Even now, when Nancy's 7 months, I'm giving myself a hearty pat on the back for leaving the house before 10am.

Or thinking I’m Myleene Klass for taking Nancy to baby sign language once a week, where the only sign I remember is milk, because it is literally imitating milking a cow. Which is a bit dispiriting for body image when you’re encouraged to do it every time you get your boobs out to feed.

Even with all the best planning in the world, though, it sometimes feels like days are full of half stuff, that nothing actually gets completed or done properly.

And with that comes the guilt.

I'll be sitting at the computer trying to write something. Or more likely, writing my name in different fonts to see which one looks the most creative and inspiring to write the amazing, mind blowing, 'I can't believe she wrote this with a seven month old baby,' play.

And Nancy will be sat of the floor surrounded by a WWF style ring of cushions, with a selection of toys stacked up in front of her. And she looks bored out her brain. And I feel massively guilty.

So we'll play, and make each other laugh, (which has to be up there with one of the best things ever,) and then I'll remember that we're meant to be getting into some kind of routine.

So will try to feed her some rice cakes and a strawberry. Then feel guilty that I'm not taking it seriously enough, or I'd have Annabel Karmeled the shit out of dinner, and made some kind of baby three courser that she'd just love.

The flat is in a constant state of border line chaos. And now Nancy's starting to move around a bit and pushing herself backwards at an unnerving speed, I think I should do a bit of a better job of clearing a gangway for her to do so. And, again, the guilt creeps in.

And as if to complete the circle, four weeks or more go by, and the only writing that I've done, is cheques to the managing agents, for replacing a carpet in the main part of the building, which we will never see nor benefit from.

Or turning the computer on just to nosey on Facebook, bid for crap on eBay, or sift through emails from Gambian princes who just need my bank details to complete the transaction to transfer two million quid of tax avoidance money into my name. And then turn the computer off at the end of the day, convincing myself that updating my status, or uploading another picture of Nancy, is, kind of, like writing.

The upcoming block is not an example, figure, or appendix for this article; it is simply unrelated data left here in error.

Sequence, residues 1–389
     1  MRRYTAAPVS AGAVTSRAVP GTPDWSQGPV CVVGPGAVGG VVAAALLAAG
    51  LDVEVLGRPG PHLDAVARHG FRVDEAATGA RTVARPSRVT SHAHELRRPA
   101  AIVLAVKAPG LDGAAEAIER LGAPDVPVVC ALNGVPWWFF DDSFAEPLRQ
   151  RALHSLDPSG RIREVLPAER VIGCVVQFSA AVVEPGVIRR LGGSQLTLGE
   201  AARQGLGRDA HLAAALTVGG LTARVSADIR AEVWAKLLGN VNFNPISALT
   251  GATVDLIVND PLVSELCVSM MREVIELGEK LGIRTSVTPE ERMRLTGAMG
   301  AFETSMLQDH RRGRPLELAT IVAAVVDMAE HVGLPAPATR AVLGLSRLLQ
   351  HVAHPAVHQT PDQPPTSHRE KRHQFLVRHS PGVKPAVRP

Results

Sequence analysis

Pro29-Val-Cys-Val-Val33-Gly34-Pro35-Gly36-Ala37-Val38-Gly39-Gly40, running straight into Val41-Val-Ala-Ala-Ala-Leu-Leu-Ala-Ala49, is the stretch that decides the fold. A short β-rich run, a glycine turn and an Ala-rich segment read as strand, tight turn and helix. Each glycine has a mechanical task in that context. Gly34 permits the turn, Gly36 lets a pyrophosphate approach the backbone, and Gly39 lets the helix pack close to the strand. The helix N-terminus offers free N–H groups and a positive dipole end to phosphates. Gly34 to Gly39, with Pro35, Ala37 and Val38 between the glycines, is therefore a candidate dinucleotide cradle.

And there it is again. Niggly guilt.

But when did it start? The journey home from the hospital when I was thinking more about how to comfortably sit on one bum cheek than how lucky I was to have Nancy? And more to the point, when's it going to end? Or does it continue forever once you're a parent?

Really, pre Nancy, the only time I'd feel really bad about something was after a heavy night, and the impending sense of doom would sit over me the whole next day, while I pieced together the previous evening, mainly through receipts for cashback from a variety of pubs.

A fry up and about 30 cans of coke would normally sort it out. That, and a blanket text apology to everyone I was out with, and hope that nothing too bad was said/ done.

But a fried egg sarnie doesn't stop you constantly worrying that you're not doing enough to entertain a little person who hasn’t, as yet, learnt enough signs to say bouncing up and down on your knee isn’t fun anymore.

Then other days I just think, fuck it. It's raining outside. Nancy doesn't want to eat organic hummus. I can't think of anything to write even if I could be bothered to turn the computer on.


Let's just clear a space on the floor, have a cuddle, and watch the first four episodes of Downton Abbey back to back.

I can always baby sign it like the man in the corner of the screen on the Hollyoaks omnibus if things get really desperate.

Sunday, 15 April 2012

Week 32- spaghetti westerns, Mr Miyagi and fighting in swimming pools